Using the Pomodoro Technique for data management
I'm a huge fan of the Pomodoro Technique, which is a time management technique for breaking down larger projects into bite-sized pieces. I've found for someone like me who can be easily distracted, it's a very effective way to stay on task.
When it comes to data management, and especially data hygiene, my clients will often tell me how overwhelming it all is, which makes it difficult to decide where to begin. And when something feels overwhelming, there is a tendency to ignore it completely. This is where the Pomodoro Technique can be very powerful.
With the Pomodoro Technique, you're only committing yourself to 20-25 minutes of concentrated activity (I prefer 20). That's it. The goal isn't to get ALL the work done in 20 minutes, it's to get moving on the work and get something done.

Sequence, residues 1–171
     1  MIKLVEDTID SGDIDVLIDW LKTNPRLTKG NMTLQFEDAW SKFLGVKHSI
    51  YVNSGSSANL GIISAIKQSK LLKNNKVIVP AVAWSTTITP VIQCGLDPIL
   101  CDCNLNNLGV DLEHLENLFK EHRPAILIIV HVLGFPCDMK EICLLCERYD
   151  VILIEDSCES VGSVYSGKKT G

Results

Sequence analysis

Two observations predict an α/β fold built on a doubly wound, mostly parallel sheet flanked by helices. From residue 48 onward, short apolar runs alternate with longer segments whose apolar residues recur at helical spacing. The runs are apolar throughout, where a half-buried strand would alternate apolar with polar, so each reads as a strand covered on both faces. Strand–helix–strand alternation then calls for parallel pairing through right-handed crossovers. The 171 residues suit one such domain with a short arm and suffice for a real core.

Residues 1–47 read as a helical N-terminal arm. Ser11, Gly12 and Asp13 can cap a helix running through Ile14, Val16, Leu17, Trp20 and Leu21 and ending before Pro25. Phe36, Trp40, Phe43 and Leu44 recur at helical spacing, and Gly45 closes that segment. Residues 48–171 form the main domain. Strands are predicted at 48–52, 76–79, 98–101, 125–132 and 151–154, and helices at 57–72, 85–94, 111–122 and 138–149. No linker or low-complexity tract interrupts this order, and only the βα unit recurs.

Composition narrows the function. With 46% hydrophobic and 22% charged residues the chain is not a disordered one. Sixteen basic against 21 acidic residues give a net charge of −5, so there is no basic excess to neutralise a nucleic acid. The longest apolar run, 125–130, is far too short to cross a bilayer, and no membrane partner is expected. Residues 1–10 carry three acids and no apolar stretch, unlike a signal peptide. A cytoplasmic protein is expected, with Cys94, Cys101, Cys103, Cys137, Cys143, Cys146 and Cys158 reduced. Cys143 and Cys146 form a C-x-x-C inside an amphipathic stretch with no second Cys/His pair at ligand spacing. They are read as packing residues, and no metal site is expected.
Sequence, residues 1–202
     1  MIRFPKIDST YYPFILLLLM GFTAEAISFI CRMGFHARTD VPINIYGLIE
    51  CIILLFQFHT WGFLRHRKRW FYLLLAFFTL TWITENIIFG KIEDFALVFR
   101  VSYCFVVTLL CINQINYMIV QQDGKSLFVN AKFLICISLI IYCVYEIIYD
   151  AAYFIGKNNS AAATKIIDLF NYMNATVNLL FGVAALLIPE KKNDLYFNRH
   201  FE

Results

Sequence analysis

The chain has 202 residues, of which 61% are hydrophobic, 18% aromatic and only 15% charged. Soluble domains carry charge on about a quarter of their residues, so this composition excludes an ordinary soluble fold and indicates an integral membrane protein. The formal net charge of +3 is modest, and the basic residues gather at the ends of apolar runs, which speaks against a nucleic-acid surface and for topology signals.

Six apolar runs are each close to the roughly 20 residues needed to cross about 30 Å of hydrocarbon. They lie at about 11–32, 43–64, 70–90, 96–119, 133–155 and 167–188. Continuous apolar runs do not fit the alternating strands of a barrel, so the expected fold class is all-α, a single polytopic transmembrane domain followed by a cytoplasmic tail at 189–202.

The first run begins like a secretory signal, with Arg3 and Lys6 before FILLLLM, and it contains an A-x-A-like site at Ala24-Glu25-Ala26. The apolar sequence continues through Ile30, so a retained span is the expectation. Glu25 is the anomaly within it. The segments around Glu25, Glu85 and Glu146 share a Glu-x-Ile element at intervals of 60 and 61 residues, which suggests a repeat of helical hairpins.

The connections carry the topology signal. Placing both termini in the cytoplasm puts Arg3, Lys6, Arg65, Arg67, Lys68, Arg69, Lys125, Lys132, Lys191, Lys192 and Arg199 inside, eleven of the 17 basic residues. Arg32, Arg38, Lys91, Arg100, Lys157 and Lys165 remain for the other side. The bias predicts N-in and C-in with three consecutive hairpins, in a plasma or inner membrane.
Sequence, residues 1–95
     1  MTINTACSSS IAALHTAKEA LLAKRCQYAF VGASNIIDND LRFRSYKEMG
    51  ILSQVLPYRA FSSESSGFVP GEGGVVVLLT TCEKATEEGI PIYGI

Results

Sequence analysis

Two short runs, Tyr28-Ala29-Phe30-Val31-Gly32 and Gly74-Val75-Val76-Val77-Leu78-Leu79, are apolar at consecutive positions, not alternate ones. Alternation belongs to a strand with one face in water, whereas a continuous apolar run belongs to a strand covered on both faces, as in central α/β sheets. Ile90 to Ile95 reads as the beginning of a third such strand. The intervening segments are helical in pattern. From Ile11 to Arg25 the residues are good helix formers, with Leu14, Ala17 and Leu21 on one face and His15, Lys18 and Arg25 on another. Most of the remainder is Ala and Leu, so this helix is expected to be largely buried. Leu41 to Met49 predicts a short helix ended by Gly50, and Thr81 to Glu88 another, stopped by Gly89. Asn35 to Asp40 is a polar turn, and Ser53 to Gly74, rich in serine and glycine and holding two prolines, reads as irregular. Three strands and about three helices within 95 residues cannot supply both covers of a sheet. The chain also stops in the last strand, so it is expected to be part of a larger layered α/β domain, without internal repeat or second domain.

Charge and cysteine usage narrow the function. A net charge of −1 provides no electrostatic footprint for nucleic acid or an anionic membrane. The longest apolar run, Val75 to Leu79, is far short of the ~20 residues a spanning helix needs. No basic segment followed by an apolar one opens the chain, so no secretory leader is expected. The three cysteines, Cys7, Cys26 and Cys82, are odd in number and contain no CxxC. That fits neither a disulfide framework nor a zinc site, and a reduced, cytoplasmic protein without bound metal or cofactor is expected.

Applying this to data hygiene, for example, you could choose to spend just 20 minutes to cleaning up some particular aspect of your database. Maybe start with all your volunteers (e.g., committee members) making sure all of their contact information is correct. Or maybe it's getting a list of meeting attendees from a separate system into your primary AMS. Or maybe it's making sure all of your company members have an active primary rep.
Whatever the activity is, use the Pomodoro Technique to get started on clean up. What I've found is often simply getting started is enough to keep you moving. And action is important when it comes to data hygiene, because as the data management cycle of doom demonstrates, if you're not consistently cleaning your data, it's getting worse.
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